Martin Richenhagen, AGCO chairman and chief executive, was at the launch of the new Valtra tractors in France last week where he gave his usual forthright presentation about the state of the farm machinery market, and the competition across the world. AGCO owns the Massey Ferguson, Fendt, Valtra and Challenger brands.
Mr. Richenhagen said that AGCO would achieve sales of $10 billion in 2012, up from $8 billion in 2011. "We think that even with drought in America and some finance problems all over Europe will have another record year," he added.
Giving a strong hint at his continuing interest in buying Claas, he added wryly, "I'm always looking over there; imagine how nice a Claas combine would look in Fendt colours. I met with Kartina Claas and she likes it so much I think she will keep it, at least until Helmut is still around."
On the issue of further AGCO acquisitions he said, "The GSI was a very good acquisition. In many parts of the world up to 50% of harvest is lost after harvest. Grain storage and handling after the harvest is a big problem in Russia, Brazil, China and Africa, so that is why the GSI acquisition is a good acquisition for AGCO."
Looking towards other acquisitions, Mr. Richenhagen said that AGCO is planning on organic growth. "We are in all major markets, we have all of the products that we need and we believe that we can close the product gaps without an acquisition. That does not mean that we don't carefully check those acquisitions where we can get to market quicker." Last year AGCO bought a combine business in China with an output of 8,000 units. The combines will be branded Massey Ferguson in China.
AGCO also bought a sugar cane harvester company in South America. The sugar cane machines will soon be branded Valtra, as Valtra has a strong market share in South America.
He added, "We look into opportunities where we either can go to emerging or new markets faster or where we can close a gap that we might have. If tomorrow Fella might want to have a loader wagon and if something was to come available there, we could say yes," added Martin Richenhagen. These would be smaller acquisitions, and he added that AGCO was financially very strong and could do deals for $2 billion, "but nothing is available unfortunately, we have to be patient."
On the issue of the development of the AGCO Power engines, formerly Sisu, Richenhagen said that in the long term Fendt will use AGCO Power engines. "It has already started with Fendt 400 series. We need to do some development work so as not to change the compact design and look of Fendt tractor. The AGCO Power engine for six cylinder tractor is 6 to 7cm longer than the current Deutz engine. We will work to make the AGCO Power engine more compact," he added.
He added, "The AGCO Power engine is unique to AGCO and that includes all brands. It is important for a manufacturer of farm equipment to have complete access to the engine to control it 100% so that we can show our strength and really differentiate." And he added with a further dig at Claas, "I would not like to be in a position where transmission/axles come from MF, engines from John Deere and your cab from a combine, this is not a good solution. I think nobody does it because it such a stupid idea."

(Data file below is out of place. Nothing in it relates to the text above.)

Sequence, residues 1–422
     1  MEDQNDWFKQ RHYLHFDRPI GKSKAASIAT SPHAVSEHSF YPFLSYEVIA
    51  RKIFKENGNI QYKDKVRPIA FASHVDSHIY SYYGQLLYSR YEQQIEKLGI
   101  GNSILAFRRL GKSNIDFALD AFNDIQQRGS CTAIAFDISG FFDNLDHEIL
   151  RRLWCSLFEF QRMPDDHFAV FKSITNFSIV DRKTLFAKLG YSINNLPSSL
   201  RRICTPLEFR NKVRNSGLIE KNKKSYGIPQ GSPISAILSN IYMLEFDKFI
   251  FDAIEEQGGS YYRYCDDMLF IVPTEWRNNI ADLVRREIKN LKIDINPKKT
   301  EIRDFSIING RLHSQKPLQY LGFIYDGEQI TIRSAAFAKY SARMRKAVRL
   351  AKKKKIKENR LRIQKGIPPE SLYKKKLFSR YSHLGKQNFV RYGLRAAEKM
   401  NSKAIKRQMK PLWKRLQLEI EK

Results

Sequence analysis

Asked about hints of connections with the Japanese tractor maker Kubota, he said, "We could sell our business to Kubota if they pay $20 billion and then we would go and buy John Deere, because I think that John Deere needs better management."
He announced that AGCO had hired the head of VW engineering to develop platform solutions for the AGCO ranges in particular MF and Valtra but not for Fendt. "VW is well positioned with the differentiate bands with a lot of common parts. We want to increase the use of common parts for platform solutions in future years, added AGCO chief Martin Richenhagen.
The new tractor platform will be available in two to three years starting with a smaller commodity tractor, which he claimed will be the most modern tractor in this segment. "We are developing the tractor from scratch, not something bought cheaply from China, starting at 60hp," he added.
On the tracked Challenger brand tractors, Martin Richenhagen said that these tractors need a facelift. He said that they would like to source more components for the Challenger tractors within the AGCO Group because, "while the main components for the Challenger from CAT, it is a great company but a lousy supplier to third parties they are always late, expensive and slow in development."
He said that AGCO could add milking robots or irrigation lines to the current range. "If Westfalia was available we would buy it, and distribute through the same channels," he added.
Source: Argentine Beef Packers S.A.